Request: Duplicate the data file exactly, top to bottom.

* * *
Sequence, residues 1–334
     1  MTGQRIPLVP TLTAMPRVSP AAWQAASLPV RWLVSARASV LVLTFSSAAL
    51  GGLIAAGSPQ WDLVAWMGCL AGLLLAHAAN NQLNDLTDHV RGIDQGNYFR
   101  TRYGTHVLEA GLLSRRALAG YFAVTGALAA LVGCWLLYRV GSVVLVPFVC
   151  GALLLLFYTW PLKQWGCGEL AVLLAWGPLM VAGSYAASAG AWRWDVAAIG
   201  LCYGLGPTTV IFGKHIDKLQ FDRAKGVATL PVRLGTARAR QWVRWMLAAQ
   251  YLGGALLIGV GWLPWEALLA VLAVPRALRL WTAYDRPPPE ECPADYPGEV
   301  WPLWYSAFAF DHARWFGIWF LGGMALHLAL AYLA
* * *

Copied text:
Sequence, residues 1–334
     1  MTGQRIPLVP TLTAMPRVSP AAWQAASLPV RWLVSARASV LVLTFSSAAL
    51  GGLIAAGSPQ WDLVAWMGCL AGLLLAHAAN NQLNDLTDHV RGIDQGNYFR
   101  TRYGTHVLEA GLLSRRALAG YFAVTGALAA LVGCWLLYRV GSVVLVPFVC
   151  GALLLLFYTW PLKQWGCGEL AVLLAWGPLM VAGSYAASAG AWRWDVAAIG
   201  LCYGLGPTTV IFGKHIDKLQ FDRAKGVATL PVRLGTARAR QWVRWMLAAQ
   251  YLGGALLIGV GWLPWEALLA VLAVPRALRL WTAYDRPPPE ECPADYPGEV
   301  WPLWYSAFAF DHARWFGIWF LGGMALHLAL AYLA